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Bill Cosby plans to educate young people about sexual violence

Los Angeles: It has been less than a week since a judge declared Bill Cosby's sexual assault case a mistrial and now the embattled actor-comedian is planning to "get back to work."

On Thursday, Cosby's rep, Andrew Wyatt, told Good Day Alabama host Janice Rogers that the actor is planning to hold a series of town hall meetings starting "sometime in July" to help educate young men and women about sexual violence - specifically, the threat of being accused of inappropriate behavior.

"This is bigger than Bill Cosby," Wyatt said on the show. "This issue can affect any young person, especially young athletes, of today, and they need to know what they're facing when they're hanging out and partying, when they're doing certain things they shouldn't be doing. And it also affects married men."

Wyatt's reference to married men seems to point at the primary argument made by Cosby's defense attorney Brian McMonagle, that Cosby was a man who had been unfaithful to his wife, but not a perpetrator of sexual assault, as accuser Andrea Constand had testified.

Added Ebonee Benson, a spokeswoman for Camille Cosby, said, "Laws are changing, the statute of limitations for victims of sexual assault are being extended, so this is why people need to be educated on - a brush against the shoulder. Anything at this point can be considered sexual assault. It's a good thing to be educated about the laws."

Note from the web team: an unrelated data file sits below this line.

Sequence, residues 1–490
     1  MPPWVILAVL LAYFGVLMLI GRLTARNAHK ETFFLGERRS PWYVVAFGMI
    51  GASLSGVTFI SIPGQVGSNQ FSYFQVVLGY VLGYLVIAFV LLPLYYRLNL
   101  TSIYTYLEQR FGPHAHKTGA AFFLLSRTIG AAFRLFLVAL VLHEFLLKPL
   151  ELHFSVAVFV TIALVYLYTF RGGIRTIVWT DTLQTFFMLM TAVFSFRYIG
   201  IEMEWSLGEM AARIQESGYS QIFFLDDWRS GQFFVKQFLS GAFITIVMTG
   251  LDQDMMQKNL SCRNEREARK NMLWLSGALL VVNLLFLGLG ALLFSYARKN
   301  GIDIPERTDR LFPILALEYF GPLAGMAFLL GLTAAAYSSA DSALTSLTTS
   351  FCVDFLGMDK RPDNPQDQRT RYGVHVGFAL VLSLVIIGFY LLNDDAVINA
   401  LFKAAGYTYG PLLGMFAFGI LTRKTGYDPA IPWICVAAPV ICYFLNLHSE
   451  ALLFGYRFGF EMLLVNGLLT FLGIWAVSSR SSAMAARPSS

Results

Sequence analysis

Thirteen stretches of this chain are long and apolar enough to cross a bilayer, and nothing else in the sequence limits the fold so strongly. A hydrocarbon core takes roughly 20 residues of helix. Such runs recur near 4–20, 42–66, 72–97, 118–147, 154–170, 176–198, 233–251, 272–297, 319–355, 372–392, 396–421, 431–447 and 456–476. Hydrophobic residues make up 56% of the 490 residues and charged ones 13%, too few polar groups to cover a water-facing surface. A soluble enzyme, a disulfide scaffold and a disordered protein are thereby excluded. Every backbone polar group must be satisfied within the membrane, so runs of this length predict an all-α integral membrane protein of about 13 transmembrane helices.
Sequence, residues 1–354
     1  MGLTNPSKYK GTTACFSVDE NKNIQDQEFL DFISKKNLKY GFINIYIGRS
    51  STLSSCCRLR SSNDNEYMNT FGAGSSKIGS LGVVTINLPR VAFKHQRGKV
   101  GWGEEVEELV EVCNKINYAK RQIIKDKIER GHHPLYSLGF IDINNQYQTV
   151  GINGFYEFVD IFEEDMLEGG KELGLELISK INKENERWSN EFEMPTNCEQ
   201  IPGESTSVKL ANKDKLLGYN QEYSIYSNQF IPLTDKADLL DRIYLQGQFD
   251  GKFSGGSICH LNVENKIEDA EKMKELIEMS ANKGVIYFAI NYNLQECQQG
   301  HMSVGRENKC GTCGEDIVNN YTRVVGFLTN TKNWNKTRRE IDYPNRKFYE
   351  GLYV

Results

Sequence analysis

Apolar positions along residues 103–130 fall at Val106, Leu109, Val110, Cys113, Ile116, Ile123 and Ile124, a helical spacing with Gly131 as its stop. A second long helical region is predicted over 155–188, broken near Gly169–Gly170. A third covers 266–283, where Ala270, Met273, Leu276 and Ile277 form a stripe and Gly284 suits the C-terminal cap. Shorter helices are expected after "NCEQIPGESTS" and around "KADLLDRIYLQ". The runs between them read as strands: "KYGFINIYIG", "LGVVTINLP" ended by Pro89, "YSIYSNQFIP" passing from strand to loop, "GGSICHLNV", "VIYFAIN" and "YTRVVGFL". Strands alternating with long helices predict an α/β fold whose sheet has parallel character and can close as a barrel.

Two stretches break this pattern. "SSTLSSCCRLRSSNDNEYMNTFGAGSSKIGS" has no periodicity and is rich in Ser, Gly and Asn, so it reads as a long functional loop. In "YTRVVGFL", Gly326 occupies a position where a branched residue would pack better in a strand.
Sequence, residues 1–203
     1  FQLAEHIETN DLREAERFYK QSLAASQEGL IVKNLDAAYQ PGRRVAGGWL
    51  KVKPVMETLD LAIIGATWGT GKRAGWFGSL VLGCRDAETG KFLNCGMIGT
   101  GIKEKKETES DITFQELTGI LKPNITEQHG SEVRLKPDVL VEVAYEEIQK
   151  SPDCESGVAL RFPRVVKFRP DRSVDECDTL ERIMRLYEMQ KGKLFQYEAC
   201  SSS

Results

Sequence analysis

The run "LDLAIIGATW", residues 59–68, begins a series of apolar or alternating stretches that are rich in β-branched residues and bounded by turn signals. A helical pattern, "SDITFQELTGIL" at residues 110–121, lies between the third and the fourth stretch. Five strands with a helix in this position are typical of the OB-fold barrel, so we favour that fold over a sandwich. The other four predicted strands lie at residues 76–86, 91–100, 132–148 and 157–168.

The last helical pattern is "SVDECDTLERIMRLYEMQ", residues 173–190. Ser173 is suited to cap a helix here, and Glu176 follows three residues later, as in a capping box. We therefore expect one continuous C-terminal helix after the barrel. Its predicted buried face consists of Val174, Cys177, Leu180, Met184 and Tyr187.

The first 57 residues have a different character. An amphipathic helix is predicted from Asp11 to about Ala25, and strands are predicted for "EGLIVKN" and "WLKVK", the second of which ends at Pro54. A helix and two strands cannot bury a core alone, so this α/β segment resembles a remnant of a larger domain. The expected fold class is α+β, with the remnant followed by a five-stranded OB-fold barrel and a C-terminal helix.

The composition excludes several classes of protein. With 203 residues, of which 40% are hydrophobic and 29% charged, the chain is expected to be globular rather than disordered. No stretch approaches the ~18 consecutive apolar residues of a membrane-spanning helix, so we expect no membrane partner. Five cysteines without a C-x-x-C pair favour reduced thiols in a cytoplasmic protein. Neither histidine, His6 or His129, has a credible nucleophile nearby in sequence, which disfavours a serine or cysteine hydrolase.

Wyatt later issued a statement to Rolling Stone confirming the town halls - and suggesting that he's hoping they will expose the larger forces at play in Cosby's trial.

"My Associate Ebonee Benson and I received hundreds of calls from civic organizations and churches requesting for Mr. Cosby to speak to young men and women about the judicial system," Wyatt told Rolling Stone. "They feel that the young men and women need to be aware that Mr. Cosby was given a deal to never be criminally charged by Former DA Bruce Castor and 12 years later DA Kevin Steele runs a Willie Horton style campaign ad saying, 'If you elect me I will bring Bill Cosby to justice.'"

"These groups would like for Mr. Cosby to share that people in the judicial system can use their powers to annul deals for personal agenda and political ambitions," he added. "Speeches will be free."

"People can educate themselves on the situation that they're facing today," Wyatt said. "Laws are changing. Statute of limitations are being amended. It's important to educate people that you could be at a baseball game and it could be crowded and a young man could try to squeeze through and accidentally touch a young lady's butt or breast by mistake and that could be considered sexual assault. It's imperative that we educate people that want to be educated."